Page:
Several months ago, our friends Kieran and Kristie threw out an invite to celebrate Kieran turning 40 in France. Being able to ski the French Alps and drink wine? Yes please! So, we invited our good Colorado friends, Dusty and Holly to join and the trip was planned.
The day finally came and after getting Dusty’s partner to drive us to the airport, we paid an arm and a leg for our baggage ($287 for our skis!) flew through security, had a bite and a beer to wish ourselves a Bon voyage and we were off!
This would be Dusty’s first international adventure & longest flight….needless to say I was excited for him!
Lufthansa is an amazing airline (minus the oversized baggage fees) so we settled into our seats, watched some movies, slept a bit, had some pasta….and woke in Munich. The nine hour flight left us a bit groggy, but strolling through customs, back through security and then to our gate got us in the European spirit. Our second flight to Geneva was only 45 minutes, although it got delayed a bit, so a quick cat nap and we landed!
Crossing our fingers for the bags and skis arriving safely, we navigated our way to baggage claim. THEY MADE IT!!!!
All bags in tow, we grabbed our free train fare into the city center (I had researched this prior to the trip and it was pretty nice that they provided free tickets!) had a nice Frenchmen tell us where to catch the train, and hopped on.
The public transportation in France is tres magnifice – clean and quiet! Arriving in town center after only 6 minutes, we grabbed our extremely heavy baggage and unloaded to catch our next train. We had about 40 minutes, so instead of lugging our baggage up and down stairs, Dusty and Mike went down into the station to see about tickets for Lyon. The track area was lovely, a bit chilly, but surprisingly clean. A drunken French bum came by as Holly and I sat waiting, explaining he had a sick baby at home while concealing a beer behind his back. We didn’t give him any Euros.
Fifteen minutes later, the boys came back to fetch us and we headed to track seven, where we’d go to Bellegaurd, then transfer to Lyon. The boys had taken so long picking out six beers at one of the train shops, a variety of Belgian and pilsners, even a double IPA! Having bought first class tickets (they didn’t have any other seats left!) we felt extremely fancy drinking our European beers on a beautiful train bound for France. The transfer was smooth enough, although the train was delayed about 30 minutes. So, I laid down on our ski bag and took a rest. The station was very French, with quaint buildings lining the tracks and old steel beams. When the train finally came, we climbed on eagerly and settled in for a two and a half hour ride.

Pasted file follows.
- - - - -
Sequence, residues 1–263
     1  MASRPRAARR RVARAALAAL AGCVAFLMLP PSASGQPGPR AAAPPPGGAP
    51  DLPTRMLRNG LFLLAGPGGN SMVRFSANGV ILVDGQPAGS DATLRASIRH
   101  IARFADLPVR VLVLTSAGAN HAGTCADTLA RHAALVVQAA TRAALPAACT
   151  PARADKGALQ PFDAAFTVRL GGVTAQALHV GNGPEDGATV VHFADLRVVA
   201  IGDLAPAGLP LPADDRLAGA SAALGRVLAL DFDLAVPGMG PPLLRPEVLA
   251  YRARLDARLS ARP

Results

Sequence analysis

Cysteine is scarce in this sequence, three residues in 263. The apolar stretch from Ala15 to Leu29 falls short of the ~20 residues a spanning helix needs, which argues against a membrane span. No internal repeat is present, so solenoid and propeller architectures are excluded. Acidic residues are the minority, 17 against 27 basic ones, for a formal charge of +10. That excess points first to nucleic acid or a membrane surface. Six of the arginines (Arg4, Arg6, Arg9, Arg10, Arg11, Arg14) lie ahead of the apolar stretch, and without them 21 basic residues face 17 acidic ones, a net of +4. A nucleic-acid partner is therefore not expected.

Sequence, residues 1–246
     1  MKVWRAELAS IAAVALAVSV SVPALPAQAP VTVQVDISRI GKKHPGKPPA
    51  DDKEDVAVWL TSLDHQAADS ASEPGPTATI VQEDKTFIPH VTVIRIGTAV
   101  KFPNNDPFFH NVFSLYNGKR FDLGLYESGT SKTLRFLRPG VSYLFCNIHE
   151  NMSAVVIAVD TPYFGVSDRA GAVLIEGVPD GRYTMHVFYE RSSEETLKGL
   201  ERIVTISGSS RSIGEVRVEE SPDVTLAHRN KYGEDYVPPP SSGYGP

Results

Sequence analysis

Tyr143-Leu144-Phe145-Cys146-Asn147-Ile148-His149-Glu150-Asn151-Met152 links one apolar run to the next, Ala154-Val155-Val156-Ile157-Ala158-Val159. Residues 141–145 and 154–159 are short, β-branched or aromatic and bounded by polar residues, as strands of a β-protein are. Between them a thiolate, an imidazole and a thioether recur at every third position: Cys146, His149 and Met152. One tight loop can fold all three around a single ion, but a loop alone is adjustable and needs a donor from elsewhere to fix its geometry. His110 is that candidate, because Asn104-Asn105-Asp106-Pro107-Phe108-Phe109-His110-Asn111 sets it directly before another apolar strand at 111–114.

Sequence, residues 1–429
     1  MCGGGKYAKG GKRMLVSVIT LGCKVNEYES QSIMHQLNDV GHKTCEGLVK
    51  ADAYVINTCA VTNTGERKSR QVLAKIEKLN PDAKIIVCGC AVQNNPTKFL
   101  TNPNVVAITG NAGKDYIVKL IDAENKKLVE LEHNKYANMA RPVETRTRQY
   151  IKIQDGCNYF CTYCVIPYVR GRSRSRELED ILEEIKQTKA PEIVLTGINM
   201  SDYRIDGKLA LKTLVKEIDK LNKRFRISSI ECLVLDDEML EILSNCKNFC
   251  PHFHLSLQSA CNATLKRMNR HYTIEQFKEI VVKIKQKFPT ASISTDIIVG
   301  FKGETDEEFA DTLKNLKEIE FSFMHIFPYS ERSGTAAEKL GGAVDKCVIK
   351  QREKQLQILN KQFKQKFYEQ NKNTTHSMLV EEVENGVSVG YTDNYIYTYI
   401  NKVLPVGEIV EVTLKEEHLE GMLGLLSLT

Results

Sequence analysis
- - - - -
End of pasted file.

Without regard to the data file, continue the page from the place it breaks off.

We chatted and had snacks (Wisconsin cheese and rice crackers Holly brought) and sipped on delicious beer while watching the French countryside whiz by. Marveling at how quiet and efficient the train was, we all wished for a train as such to whisk us to our Colorado mountains!
When we finally arrived, we gathered our belongings and went searching for Kieran and Kristie. They had arrived an hour or so prior and rented a van. Mike had to use the toilet, so went searching for one in the busy train station, only to find one that he had to give a Euro for. I had brought a bag of what I thought to be Euro…only to discover they were actually Turkish Lira. Whoops! Mike wasn’t happy about it, so grabbed his wallet, where he had actual Euros (he had picked them up at the train station back in Geneva). A European public restroom experience!
Dusty had gotten an international plan and we were able to let Kier & Kristie know we had landed and they let us know where they had parked the van. We headed away from the main entrance and found them, shoved our stuff into the van and were off to Malleval, where a gorgeous bed and breakfast awaited. Kieran and Kristie had gotten the recommendation from Pierre Gaillard, the vintner Kieran had interned for in 2005. After about an hour of driving in the dark, we arrived at the gorgeous house, Le Grand Noe.
The owners weren’t there, but we were welcomed in by another guest so came in and picked our bedrooms. The three rooms were in different areas of the house, Mike and I choose the basement room, which was rather chilly, but lovelywith it’s very own bathroom. After dropping our bags, we decided to head into Pelussin to grab a bite to eat before the restaurants closed, as they do in small towns. Oh, too late!
The pizza shop had served its last customers of the evening, so we headed to the market across the street, in the small town center, to grab some wine, frozen pizzas, baguettes, cheese, and chocolate. Back at the house, we fixed a very French spread, with decadent cheeses and enjoyed our first night in France.